The fourth bullet referring to a suicide prevention strategy was also discussed at length. The VAC Co-Chair explained to the Group that work on a Suicide Prevention Strategy had begun in 2010, and a framework and action plan had been drafted in 2014. A majority of Group members felt they should have input, be a part of the dialogue, and even take a leadership role on the strategy. A member reminded the group that suicide is not a phenomenon restricted to, nor most prevalent in, the Veteran community. The VAC Co-chair noted that all such strategies will go beyond their own groups and organizations.

  • Members agreed with the VAC Co-chair’s suggestion that they accept the statement as is and discuss more details at the next face-to-face meeting.
  • Members also agreed to the final bullet and the final paragraph of Section 1.

Section 2: Advisory Group Composition

This section covers the composition of the Advisory Group, the length and renewal of terms of membership. It also contains a list of officials from the Minister’s Office and the Department as well as other stakeholders that may attend the meetings and interact with the Mental Health Advisory Group from time to time.

Members sought clarity on whether they could sit in on other Advisory Groups’ meetings in the same way that this section indicates other groups would be able to do vis-a-vis their MHAG meetings. A Departmental official explained that indeed that is the idea, that there is much cross-over between the mandates of the six Advisory Groups and that it would be not only beneficial but also necessary for groups to interact with each other. The VAC Stakeholder Engagement and Outreach Directorate (hereafter Secretariat) would help to ensure this collaboration.

One member wanted to know the process that would allow the Group’s work, in the form of reports, recommendations etc., to reach the Minister for review. It was explained that once the Group has agreed (quorum respected) that its product is final and ready to go, the Co-chairs or the Secretariat would help usher the item to the Minister’s Office for his attention.

  • With this, members agreed to all of Section 2.

Section 3: Meetings

All agreed without comment.

Section 4: Responsibilities

All agreed without comment.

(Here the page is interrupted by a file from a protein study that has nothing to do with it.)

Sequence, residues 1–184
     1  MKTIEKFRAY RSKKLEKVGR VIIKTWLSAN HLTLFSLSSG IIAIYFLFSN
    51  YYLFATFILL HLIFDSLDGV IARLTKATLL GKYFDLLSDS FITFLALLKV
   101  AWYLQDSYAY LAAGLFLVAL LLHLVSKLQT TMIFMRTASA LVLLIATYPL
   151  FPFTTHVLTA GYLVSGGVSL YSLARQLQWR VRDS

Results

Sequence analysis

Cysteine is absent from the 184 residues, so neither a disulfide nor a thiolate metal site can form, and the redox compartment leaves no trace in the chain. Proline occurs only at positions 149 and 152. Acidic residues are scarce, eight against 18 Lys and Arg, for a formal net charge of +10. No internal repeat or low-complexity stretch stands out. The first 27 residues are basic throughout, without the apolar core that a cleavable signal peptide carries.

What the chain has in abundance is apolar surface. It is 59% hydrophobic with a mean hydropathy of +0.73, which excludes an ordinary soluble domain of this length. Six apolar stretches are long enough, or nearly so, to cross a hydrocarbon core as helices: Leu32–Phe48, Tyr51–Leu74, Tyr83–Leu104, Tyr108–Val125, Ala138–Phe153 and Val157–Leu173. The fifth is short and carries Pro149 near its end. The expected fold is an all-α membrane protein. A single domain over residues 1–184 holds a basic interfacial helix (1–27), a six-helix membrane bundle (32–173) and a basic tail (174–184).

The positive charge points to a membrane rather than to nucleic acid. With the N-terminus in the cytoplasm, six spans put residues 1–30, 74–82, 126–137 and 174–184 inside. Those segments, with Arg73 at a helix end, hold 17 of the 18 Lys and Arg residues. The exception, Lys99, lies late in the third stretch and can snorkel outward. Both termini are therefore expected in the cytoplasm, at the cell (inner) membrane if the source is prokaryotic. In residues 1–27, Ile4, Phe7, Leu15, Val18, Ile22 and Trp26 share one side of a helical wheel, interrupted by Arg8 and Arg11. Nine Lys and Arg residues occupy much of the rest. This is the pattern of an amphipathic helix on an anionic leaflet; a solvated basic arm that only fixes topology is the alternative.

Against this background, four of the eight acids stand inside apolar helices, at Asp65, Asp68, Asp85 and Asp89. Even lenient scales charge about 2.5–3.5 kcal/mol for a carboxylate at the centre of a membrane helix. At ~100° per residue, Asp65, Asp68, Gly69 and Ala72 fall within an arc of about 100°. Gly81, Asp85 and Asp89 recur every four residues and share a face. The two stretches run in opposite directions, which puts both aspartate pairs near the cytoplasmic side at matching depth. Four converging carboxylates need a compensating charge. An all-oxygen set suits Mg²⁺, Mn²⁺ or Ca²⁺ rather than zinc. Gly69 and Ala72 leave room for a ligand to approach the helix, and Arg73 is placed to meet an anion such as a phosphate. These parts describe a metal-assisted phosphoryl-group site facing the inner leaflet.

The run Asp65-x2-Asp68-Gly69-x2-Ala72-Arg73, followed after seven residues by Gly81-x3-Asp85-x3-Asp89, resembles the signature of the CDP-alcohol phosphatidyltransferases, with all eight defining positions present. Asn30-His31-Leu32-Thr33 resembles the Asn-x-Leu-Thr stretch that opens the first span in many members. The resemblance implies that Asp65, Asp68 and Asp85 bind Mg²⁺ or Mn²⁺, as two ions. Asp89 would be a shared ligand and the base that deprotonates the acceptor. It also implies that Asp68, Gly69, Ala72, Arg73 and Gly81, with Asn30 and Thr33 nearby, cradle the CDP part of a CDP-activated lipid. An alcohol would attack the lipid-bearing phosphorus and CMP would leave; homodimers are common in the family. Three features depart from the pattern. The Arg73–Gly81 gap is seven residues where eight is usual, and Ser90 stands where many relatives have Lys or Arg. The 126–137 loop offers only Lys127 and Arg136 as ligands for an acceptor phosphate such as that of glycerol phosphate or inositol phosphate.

Section 5: Documentation and Record Keeping

All agreed without comment.

Section 6: Communications

This section contains clauses that, if agreed upon, would limit what the individual members of the Group might share with others (e.g., peers, members of stakeholder organizations or other interested stakeholders) to lines that would be agreed-upon by all members of the MHAG after a face-to-face meeting.

This section sparked some discussion and debate about transparency versus respect for protection of privileged information. One member noted that there has to be some level of trust, and that “what is discussed at the table stays there when it’s of a personal/medical nature.” All agreed in the end that they need to be united in their message, respectful, and thorough—nothing being discussed or developed in meetings or within the Group should “go out half-baked.”

Section 7: Secretariat Management and Support

All agreed without comment.

Section 8: Costs

All agreed without comment.

Section 9: Agreement

Agreed to as amended, and agreement that TOR could be signed by both Co-chairs signifying agreement of members.

Next Steps

Toward the end of the meeting, the VAC co-chair brought up the subject of the Centre of Excellence in Veterans’ care and mental health (hereafter MH CoE), since many of the Veterans expressed interest in it at the Group’s inaugural meeting in Ottawa on May 10, 2016. Members agreed that a sub-group could be formed that would advise on the MH CoE. The Co-chair added that the MH CoE might develop a concept, mission, and mandate for the 'Mental Health Centre of Excellence' as outlined in the Minister of Veterans' Affairs mandate.

Members discussed this at length, with some wishing to submit their own ideas to this potential sub-group since they might each have different ideas, others wanting to know what the thinking thus far has been on the CoE or what has been done so far, and a few suggesting the sub-group be allowed to do their work, call in witnesses etc., without having their “hands tied” by the larger Group.

The Co-chair offered that in the interest of time, and parliamentary process (i.e., submitting in time for Budget 2017 inclusion if necessary) the sub-group might come up with a vision or concept, present it to the larger Group in July (date tbd) for comments and discussion, and then further develop the concept for approval by the MHAG prior to submission to the Minister.

After this, a member volunteered to lead the sub-group. His leadership nomination was seconded by another member, who also volunteered to be on the sub-group. Three other members then stepped forward to be on the sub-group.

The VAC co-chair wanted to ensure the members understood that the CoE sub-group would explore different options and put forward a conceptual idea for the CoE—what its purpose would be, who it might serve, etc. He said he would ask the Secretariat to reach out to other MHAG members who were not able to participate in the meeting to seek their interest in joining the sub-group, to ensure balance and representation.

Next Meeting

The VAC Co-Chair proposed to send the group an email with options for dates of the next MHAG meeting, projected for the end of July or early-to-mid August, 2016.